TGCC Chapter Program December 2018
Evaluating Complex Human Lunar and Mars Spaceflight Architectures”
Sending humans into space for missions to the moon and beyond may present engineers and managers with the most complex systems challenge yet encountered. Both lunar and Mars human mission architectures are composed of hundreds of interconnecting decisions that cross the boundaries among engineering, politics, risk and budget. John Connolly has been studying human exploration architecture for most of his 30+ year NASA career and will present his thoughts on the complexity, interconnectedness, and decision making that goes into the evaluation of future missions to the moon and Mars.
John F. Connolly, P.E.
John Connolly is currently leading NASA’s Human Mars Study team, which provides expert analysis of human Mars architectural options to inform NASA decisions on human Mars missions. Connolly’s team represents the Agency’s long term architectural perspective in coordination and support of technology investment and development activities for NASA’a Human Spaceflight, Robotic Space Mission, and Space Technology organizations.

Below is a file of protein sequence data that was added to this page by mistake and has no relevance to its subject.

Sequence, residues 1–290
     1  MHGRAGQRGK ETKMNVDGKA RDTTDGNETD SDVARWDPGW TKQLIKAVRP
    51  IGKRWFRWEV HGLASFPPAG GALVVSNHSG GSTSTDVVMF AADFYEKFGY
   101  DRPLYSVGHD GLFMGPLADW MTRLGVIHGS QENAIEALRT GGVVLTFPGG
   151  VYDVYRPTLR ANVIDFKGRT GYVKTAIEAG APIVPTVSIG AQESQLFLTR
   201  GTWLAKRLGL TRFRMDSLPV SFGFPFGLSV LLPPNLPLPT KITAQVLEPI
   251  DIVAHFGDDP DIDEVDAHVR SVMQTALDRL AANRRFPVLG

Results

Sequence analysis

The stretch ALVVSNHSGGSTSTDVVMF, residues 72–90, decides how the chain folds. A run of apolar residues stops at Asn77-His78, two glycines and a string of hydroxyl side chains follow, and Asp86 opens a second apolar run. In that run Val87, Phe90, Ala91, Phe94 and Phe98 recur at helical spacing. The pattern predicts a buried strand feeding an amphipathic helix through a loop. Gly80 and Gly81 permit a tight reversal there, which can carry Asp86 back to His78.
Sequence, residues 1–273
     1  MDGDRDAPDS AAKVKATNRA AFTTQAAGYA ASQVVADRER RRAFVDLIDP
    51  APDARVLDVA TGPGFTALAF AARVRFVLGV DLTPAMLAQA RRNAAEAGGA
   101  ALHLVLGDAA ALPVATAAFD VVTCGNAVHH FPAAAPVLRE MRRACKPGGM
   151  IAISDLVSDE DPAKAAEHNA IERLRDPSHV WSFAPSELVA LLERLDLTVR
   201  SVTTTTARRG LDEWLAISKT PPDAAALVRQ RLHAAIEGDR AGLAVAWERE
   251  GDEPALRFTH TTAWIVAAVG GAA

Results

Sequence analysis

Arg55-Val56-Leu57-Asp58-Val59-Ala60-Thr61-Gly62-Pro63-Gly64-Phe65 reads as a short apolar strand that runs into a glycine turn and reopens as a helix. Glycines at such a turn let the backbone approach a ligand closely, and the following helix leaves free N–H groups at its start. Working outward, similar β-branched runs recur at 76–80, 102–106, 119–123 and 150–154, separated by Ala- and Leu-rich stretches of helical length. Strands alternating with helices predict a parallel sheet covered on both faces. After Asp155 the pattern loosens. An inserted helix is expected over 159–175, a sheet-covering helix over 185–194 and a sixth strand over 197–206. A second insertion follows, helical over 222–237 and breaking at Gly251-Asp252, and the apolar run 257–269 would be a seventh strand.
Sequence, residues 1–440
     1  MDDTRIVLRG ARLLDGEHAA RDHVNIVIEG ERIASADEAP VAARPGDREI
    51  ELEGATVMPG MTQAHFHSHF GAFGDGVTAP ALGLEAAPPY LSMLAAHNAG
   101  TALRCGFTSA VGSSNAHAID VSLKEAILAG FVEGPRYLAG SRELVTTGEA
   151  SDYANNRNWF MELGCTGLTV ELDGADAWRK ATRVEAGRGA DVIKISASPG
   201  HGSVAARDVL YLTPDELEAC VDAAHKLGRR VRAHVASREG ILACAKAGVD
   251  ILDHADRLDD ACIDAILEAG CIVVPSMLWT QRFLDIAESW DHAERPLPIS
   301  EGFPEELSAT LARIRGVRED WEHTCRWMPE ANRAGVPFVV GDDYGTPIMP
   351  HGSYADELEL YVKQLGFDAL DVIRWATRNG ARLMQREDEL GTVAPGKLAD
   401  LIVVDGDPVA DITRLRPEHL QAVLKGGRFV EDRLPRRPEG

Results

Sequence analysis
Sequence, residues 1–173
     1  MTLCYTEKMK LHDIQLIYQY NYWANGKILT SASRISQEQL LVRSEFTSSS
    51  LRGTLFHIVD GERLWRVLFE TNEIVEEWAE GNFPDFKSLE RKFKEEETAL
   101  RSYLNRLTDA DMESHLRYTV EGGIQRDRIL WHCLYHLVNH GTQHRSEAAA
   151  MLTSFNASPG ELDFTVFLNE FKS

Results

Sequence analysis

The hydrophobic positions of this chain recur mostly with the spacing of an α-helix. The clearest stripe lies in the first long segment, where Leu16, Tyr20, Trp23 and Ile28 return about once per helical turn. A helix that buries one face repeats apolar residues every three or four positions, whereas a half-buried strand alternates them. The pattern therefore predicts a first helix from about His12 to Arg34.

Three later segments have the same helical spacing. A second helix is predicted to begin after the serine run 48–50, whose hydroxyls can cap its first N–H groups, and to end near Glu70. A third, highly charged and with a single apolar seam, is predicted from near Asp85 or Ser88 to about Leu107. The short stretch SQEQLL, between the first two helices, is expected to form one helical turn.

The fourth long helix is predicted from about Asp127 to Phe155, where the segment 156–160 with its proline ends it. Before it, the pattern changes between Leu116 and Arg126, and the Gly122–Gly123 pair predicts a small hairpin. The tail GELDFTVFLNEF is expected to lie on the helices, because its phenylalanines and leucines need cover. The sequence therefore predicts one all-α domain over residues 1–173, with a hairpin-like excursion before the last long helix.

From 2014 to 2016, Connolly was detailed from NASA to serve as the Director of International Space University’s Space Studies Programs, where he planned and executed ISU’s flagship programs that are hosted in different cities around the world each year.
Prior to his detachment to ISU, he served as Exploration Chief Scientist for NASA’s Human Exploration and Operations Mission Directorate.
Connolly has held a broad range of management and engineering positions related to future human exploration planning at both NASA’s Johnson Space Center in Houston and NASA HQ in Washington, DC. He has served as, Deputy Project Manager and Vehicle Engineering Manager for the Altair Lunar Lander Project, Deputy Manager of JSC’s Exploration and Mission Systems Office, Deputy of the Exploration Systems Architecture Study (ESAS) Team, Special Assistant to JSC’s Astronaut Office and Destination System lead for the Agency’s Human Spaceflight Architecture Team (HAT).
Mr. Connolly’s NASA career has been devoted to defining future systems that will send human crews beyond Low Earth Orbit, return them to the moon, and lead them to Mars and beyond.